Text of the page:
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Needed: Accessible Frontier

the sense of constriction grows

This is Dark Cloud on Wednesday, November 12, 2014.

We here in Boulder - and those of you in lesser, uncool locations - are awash in near zero degree temperature and snow. So, throw another of your few remaining chairs on the fire and gather around the radio to stay warm. Well, that's if you're a real American and kept your old floor mounted RCA radio with fuses that look like light bulbs only with red filament and give off life saving heat. Try to keep your hands warm on your digital cell phone, you faddish fools. We olde farts know how to keep warm in the wild. With electric bulbs!

While this dicing with death goes on in the living room, the European Space Agency, composed of Europe's nations not named Russia, completed a ten year voyage to a comet heading our way. Rosetta is now a sort of satellite of this comet, and this very morning they detached a landing vehicle and deposited it on the comet itself. It speared the comet, which looks like a dumb bell rotating at a brisk speed, as if it were a whale, and pulled itself down to the surface. And there it is, happily reporting as designed. The ESA is ecstatic, as well it should be. We used to have days like this as well.

So, not bad, given it has been on this journey for ten years, and the target comet was a last minute substitution when the launch had to be delayed, killing the possibility of meeting its first choice. So, they devised some afternoon activities for the probe to keep it busy, and it visited Mars and Jupiter and did close fly bys of at least two asteroids. Rosetta will circle the comet 67P-C-G for seventeen months, during which the comet approaches the sun and will start the chemical processes to give birth to the tail. What will happen to the lander is unknown, because this will be the first up close and personal view of a comet from that comet. I'd suppose the outer layers of the comet are shed, and the lander with it. All this with equipment and computers considered ancient at its launch.

It does not pass unnoticed that this follows two disasters in our own space program. An unmanned commercial supply rocket headed for the International Space Station after launch some weeks back. As yet, we don't know why, but it was not a NASA project, and the Antares rocket had been supplied by one of the space contractors struggling to put space travel in the black and make it commercial and profitable. Those of you not aware of our early space fiascoes in the 1950's might find it more disturbing than it really was.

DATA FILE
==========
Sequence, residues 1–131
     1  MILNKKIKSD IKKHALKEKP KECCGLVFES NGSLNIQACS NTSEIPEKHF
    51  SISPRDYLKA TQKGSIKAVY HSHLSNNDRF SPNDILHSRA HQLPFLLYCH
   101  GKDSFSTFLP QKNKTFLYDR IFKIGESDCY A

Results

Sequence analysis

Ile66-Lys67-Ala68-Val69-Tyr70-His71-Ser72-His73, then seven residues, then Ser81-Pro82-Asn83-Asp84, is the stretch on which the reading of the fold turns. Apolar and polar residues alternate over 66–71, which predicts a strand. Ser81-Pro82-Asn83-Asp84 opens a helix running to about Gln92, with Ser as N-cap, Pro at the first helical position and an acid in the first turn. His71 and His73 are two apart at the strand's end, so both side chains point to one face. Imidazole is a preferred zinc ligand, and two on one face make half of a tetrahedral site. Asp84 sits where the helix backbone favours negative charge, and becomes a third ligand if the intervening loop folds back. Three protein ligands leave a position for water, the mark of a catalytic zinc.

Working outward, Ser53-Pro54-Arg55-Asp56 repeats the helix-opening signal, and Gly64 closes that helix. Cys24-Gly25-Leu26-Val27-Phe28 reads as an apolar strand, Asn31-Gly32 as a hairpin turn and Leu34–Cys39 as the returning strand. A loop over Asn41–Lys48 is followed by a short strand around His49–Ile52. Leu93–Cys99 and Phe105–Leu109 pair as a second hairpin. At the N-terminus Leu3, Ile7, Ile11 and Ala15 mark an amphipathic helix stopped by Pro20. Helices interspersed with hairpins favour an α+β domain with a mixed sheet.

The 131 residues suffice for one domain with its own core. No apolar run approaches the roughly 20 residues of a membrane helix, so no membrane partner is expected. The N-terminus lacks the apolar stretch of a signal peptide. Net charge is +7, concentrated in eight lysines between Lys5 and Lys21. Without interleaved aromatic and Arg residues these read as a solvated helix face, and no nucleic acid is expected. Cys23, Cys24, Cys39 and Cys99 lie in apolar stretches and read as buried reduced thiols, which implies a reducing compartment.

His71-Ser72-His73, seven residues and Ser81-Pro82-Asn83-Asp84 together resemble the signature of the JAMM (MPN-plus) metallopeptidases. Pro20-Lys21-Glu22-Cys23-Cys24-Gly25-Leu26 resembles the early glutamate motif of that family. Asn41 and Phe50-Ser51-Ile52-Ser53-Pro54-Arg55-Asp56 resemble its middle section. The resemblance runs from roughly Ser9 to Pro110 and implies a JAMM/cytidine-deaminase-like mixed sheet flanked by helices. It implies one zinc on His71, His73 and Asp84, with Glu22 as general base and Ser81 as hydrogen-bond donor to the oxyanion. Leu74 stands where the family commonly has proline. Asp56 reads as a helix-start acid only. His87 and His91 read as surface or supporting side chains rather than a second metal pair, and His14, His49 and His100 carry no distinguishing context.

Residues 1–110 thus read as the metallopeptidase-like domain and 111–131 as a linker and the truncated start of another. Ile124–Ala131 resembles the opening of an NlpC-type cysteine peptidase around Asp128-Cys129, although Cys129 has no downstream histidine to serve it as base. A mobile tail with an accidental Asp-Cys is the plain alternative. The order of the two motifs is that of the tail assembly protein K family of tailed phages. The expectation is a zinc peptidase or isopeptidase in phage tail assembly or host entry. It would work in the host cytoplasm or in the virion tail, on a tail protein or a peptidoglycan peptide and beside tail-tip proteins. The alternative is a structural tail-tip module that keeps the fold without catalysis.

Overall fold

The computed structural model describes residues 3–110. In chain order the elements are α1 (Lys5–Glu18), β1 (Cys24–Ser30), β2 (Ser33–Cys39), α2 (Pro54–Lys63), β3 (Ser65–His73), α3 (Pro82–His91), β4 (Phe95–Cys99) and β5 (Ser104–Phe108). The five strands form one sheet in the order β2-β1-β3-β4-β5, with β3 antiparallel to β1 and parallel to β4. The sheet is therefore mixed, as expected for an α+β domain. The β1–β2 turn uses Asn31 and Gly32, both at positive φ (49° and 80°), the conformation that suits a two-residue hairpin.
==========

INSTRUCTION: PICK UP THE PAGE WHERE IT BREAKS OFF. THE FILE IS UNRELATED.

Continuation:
An actual disaster just last week killed a pilot of SpaceShipTwo, which disintegrated above California. This was the project of Virgin Airways founder Richard Branson, who still says making commercial space travel a reality is worth the risk.

Space travel is not the excitement it once was, and those days of Them Seven and Apollo landings on the moon will never excite the public as they did then, when you could see the promises illustrated in centuries of mythology and literature come true. It was somehow assumed that space travel was just starting, and the ensuing years would be full of space firsts, with events escalating so fast and furious it was seriously thought we'd have space colonies over a decade ago. It didn't happen.

The primary reason is that there was no mission specific to needs of our species. Unless we can alter time or go into deep hibernation, it cannot be seen how we as animals can ever leave earth, at least willingly. And, far more stultifying, is the realization that there isn't a lot of the visually attractive out there, and it's easy to believe people could go mad on space travel. That is, by the way, not much different from how European and American settlers described Colorado and the entire nation between the Rockies and the Mississippi: a desert, fit for bison, locust, and Indian, but with landscapes so barren to the eye people would go bonkers. Some did, and it does take time to appreciate and love the seasons of the high plains.

But the syllogism broke down at the beginning. As yet, there is no life - as we'd understand it - out there within reach. Yet, each week comes word of new planets around stars relatively near but not enough, at least not yet. It's dangerous now, because as a species we need an accessible frontier. The constriction is too much, otherwise.